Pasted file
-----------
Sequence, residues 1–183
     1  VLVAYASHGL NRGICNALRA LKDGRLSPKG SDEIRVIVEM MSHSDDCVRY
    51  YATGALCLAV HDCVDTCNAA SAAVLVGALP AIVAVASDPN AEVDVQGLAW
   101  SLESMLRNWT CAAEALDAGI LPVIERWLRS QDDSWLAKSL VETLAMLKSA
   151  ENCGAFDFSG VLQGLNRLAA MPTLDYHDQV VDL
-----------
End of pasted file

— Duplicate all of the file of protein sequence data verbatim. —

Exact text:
Sequence, residues 1–183
     1  VLVAYASHGL NRGICNALRA LKDGRLSPKG SDEIRVIVEM MSHSDDCVRY
    51  YATGALCLAV HDCVDTCNAA SAAVLVGALP AIVAVASDPN AEVDVQGLAW
   101  SLESMLRNWT CAAEALDAGI LPVIERWLRS QDDSWLAKSL VETLAMLKSA
   151  ENCGAFDFSG VLQGLNRLAA MPTLDYHDQV VDL